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In a certain year, the difference between Mary's and Jim's

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In a certain year, the difference between Mary's and Jim's  [#permalink]

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In a certain year, the difference between Mary's and Jim's annual salaries was twice the difference between Mary's and Kate's annual salaries. If Mary's annual salary was the highest of the 3 people, what was the average (arithmetic mean) annual salary of the 3 people that year7

(1) Jim's annual salary was $30,000 that year.
(2) Kate's annual salary was $40,000 that year.

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Originally posted by alimad on 25 Nov 2007, 19:12.
Last edited by Bunuel on 04 Mar 2013, 03:38, edited 1 time in total.
Edited the question and added OA.
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Re: In a certain year, the difference between Mary's and Jim's  [#permalink]

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New post 30 Aug 2016, 06:52
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alimad wrote:
In a certain year, the difference between Mary's and Jim's annual salaries was twice the difference between Mary's and Kate's annual salaries. If Mary's annual salary was the highest of the 3 people, what was the average (arithmetic mean) annual salary of the 3 people that year7

(1) Jim's annual salary was $30,000 that year.
(2) Kate's annual salary was $40,000 that year.


Let's first deal with the given information.
Let J = Jim's salary
Let M = Mary's salary
Let K = Kate's salary

Notice that the salaries (in ascending order) must be J, K, M
Also, if the difference between Mary's and Jim's annual salaries equals twice the difference between Mary's and Kate's annual salaries, then we can conclude that the 3 salaries are equally spaced.

Target question: What was the average annual salary of the 3 people that year?

Statement 1: Jim's annual salary was $30,000 that year.
In other words, J = 30,000
So, the three salaries, arranged in ascending order are: 30,000, K, M
Plus we know that the 3 salaries are equally spaced.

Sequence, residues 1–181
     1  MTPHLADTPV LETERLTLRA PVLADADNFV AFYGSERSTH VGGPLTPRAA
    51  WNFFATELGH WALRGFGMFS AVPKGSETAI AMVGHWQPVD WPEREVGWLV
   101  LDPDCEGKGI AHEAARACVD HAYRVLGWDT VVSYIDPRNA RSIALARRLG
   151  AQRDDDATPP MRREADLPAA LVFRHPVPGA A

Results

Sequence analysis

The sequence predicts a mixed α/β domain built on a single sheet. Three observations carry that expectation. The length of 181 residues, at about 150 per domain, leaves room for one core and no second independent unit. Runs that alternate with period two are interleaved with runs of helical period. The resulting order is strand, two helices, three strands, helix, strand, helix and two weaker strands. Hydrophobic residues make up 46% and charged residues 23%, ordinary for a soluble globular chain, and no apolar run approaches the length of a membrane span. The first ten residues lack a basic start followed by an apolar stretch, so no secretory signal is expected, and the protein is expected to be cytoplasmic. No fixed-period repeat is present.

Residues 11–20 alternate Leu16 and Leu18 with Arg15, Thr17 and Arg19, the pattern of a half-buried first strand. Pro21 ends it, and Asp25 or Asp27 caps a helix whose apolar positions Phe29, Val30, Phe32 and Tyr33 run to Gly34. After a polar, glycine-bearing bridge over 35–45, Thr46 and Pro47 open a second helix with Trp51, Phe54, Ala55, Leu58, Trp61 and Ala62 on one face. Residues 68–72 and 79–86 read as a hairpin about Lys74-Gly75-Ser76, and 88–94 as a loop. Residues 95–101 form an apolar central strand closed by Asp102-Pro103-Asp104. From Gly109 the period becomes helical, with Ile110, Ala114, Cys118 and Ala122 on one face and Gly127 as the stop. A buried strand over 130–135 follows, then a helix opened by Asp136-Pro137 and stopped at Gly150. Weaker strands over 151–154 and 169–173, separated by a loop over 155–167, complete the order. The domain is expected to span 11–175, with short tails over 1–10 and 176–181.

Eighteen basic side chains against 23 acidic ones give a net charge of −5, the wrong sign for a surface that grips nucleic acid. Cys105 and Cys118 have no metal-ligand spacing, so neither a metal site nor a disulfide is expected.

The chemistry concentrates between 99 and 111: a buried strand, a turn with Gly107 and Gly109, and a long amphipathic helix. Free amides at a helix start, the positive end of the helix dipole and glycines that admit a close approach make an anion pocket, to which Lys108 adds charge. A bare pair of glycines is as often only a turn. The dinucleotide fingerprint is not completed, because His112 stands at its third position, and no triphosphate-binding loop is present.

Do we now have enough information to answer the target question? No.

For proof that that we don't have enough information, consider these 2 cases:
Case a: J=30,000, K=30,001, M=30,002, in which case the average salary is $30,001
Case b: J=30,000, K=30,002, M=30,004, in which case the average salary is $30,002
Since we cannot answer the target question with certainty, statement 1 is NOT SUFFICIENT

Statement 2: Kate's annual salary was $40,000 that year.
In other words, K = 40,000
Perfect!
Since the 3 salaries are equally spaced, we can use a nice rule that says, "If the numbers in a set are equally spaced, then the mean and median of that set are equal"
Since Kate's salary must be the median salary, we now know that the average salary must be $40,000
Since we can answer the target question with certainty, statement 2 is SUFFICIENT

Answer =

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Re: Annual Salary _ DS  [#permalink]

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New post 25 Nov 2007, 23:53
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alimad wrote:
In a certain year, the difference between Mary's and Jim's annual salaries was twice the difference between Mary's and Kat's annual salaries. If Mary's annual salry was the highest of the 3 people, what was the average (arithmetic mean) annual salary of the 3 people that year?

Jim's annual salary was $30,000 that year
Kate's annual salary was $40,000 that year


M + J + K / 3 = ?

Statement I

M - 30,000 = 2(M-K) - Plug in Numbers

50,000 - 30,000 = 2 (50,000 - 40000)
20,000 = 200000

50+30 + 40 = 120/3 = 40,000

60,000 - 30,000 = 2 (60,000 - 45,000)
30,000 = 30,000

60+30 + 45 = 135 /3 = 4..... - insufficient

Statement II

M - J = 2 (M - 40,000)

Plug Numbers
50,000 - 30,000 = 2 (50,000 = 40,000)
50 + 40 + 30 = 120 /3 = 40 average

60,000 - 20,000 = 2( 60,000 - 40,000)
40,000 = 40,000

60 + 20 + 40 = 120/3 = 40 average --- Answer is B

This approach takes a long time. Please provide an alternative solution. Thanks


Woah, slow down there killer. Thats too much work!

equation from stem: M-J=2(M-K) --> M-K=2M-2K --> M=2K-J

We want to know (M+J+K)/3

2K-J+J+K --> 3K/3 --> K is the average. If we know K then Suff.

So B is the answer.

Make sure to double check though to see if we can't get any others similar to 3K/3. ex/ maybe we can get 3J/3 or 4J/3 and so on... turns out we can't.
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New post 25 Nov 2007, 21:13
1
I think answer should be C.

From stem:
M-J = 2(M-K)
M-J = 2M-2K
M = 2K-J

what's M+J+K/3?

1) J = 30
M = 2K-30, insuff.

2) K = 40
M = 80-J, insuff.